Infection Control in the Dental Office
Professional Standards Ensure Your Safety
What precautions are taken to prevent the spread of hepatitis and HIV in the dental office? In short, am I safe?
Though once in a great while you will read a news story about an instance of lax infection control, the short answer to your question is a resounding yes; you are very safe from contracting infection in the dental office. Dentists not only have a professional responsibility, they also have a legal, moral and ethical responsibility to prevent infection, and this is not at all hard to do. All healthcare facilities are mandated to practice what are known as “standard precautions” when it comes to disinfection and sterilization control procedures to ensure that all individuals, patients and healthcare providers alike, are protected from the risk of infection. This is especially true for the viruses that cause hepatitis (B and C), and HIV/AIDS. The dental profession has been found to be the most compliant with infection-control procedures.
Preventing Blood-to-Blood Contact
A little background on how blood-borne diseases are transmitted will help to enlighten and inform. The liver is one of the most important organs in the body and performs many critical functions. Hepatitis (“hepat” – liver; “itis” – inflammation) is a liver disease that when caused by the viruses HBV and HCV, can be particularly dangerous. It can result in severe impairment of normal bodily function or even death. HBV and similarly HCV are spread when blood from an infected person contacts blood of another individual via an injection or cut. That's why hepatitis from these viruses is a prominent concern in blood transfusion and surgical centers, and also among intravenous (IV) drug users.
It's the same with human immunodeficiency virus (HIV), a stealthy virus that destroys the body's resistance system causing Acquired Immune Deficiency Syndrome (AIDS). Although spread primarily by sexual contact, it can also be spread by contaminated needles or instruments.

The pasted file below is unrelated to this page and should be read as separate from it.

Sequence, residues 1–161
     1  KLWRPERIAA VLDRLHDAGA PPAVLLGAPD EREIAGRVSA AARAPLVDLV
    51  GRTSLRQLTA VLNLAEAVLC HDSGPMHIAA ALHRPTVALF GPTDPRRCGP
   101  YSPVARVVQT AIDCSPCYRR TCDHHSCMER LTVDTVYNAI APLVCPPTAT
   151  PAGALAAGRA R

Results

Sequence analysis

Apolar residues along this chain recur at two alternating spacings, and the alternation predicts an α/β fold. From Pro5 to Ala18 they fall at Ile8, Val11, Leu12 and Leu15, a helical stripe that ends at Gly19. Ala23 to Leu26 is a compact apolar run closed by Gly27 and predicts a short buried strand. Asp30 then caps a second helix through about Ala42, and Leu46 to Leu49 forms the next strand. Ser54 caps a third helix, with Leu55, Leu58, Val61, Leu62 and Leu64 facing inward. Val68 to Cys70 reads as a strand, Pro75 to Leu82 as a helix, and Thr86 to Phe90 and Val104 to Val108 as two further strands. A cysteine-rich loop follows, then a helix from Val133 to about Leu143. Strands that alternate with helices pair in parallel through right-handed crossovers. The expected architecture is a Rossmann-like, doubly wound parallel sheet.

Routine safety precautions are taken in healthcare facilities across the country to prevent transmission of infectious diseases.
The emergence of these blood-borne viral diseases that can be readily transmitted by a needle or an instrument, from an infected to an uninfected person, prompted heightened concern in the late 1980s, when the first cases of AIDS were recognized. However, these diseases are not the only reason for the need for infection control in healthcare today; there are thousands of bacteria, viruses and fungi that can cause infection, especially in those people who have compromised immune systems.
Routine safety precautions are taken in healthcare facilities across the country to prevent transmission of infectious diseases. The Center for Disease Control and Prevention (CDC) recommends disinfection and sterilization protocols and procedures for all healthcare facilities and providers of healthcare. The CDC's latest updated guidelines (2011) comprise a multilayered system designed to ensure the highest possible standards and thus safety across the United States.
Additionally, all healthcare professionals including dentists are mandated to practice these procedures by professional licensing bodies at the state level. It is generally a condition of re-licensure that healthcare professionals update their knowledge through continuing education in this important area every two years. The guidelines are accessible to the public, and are extensive. They cover everything from hand hygiene and use of attire, masks and gloves to cleaning and disinfection of instruments — so that any healthcare procedure can be performed as safely as possible.
Practice Safe Healthcare
With 170,000 dentists in the US, let alone millions of other healthcare facilities across the country, it is not surprising that it becomes big news when one of them defaults on his or her obligations to put safety first — an example of the exception proving the rule. But when you think about it, safety procedures in the dental office are not just about protecting the public, our patients, who are without doubt our most important concern; they are also for the protection of healthcare providers.
As a dental patient, you have the right to information regarding your care, and infection control practices are certainly a big part of that. So if you would like more detailed information, please be sure to ask your dentist. He or she should be happy to put your mind at ease.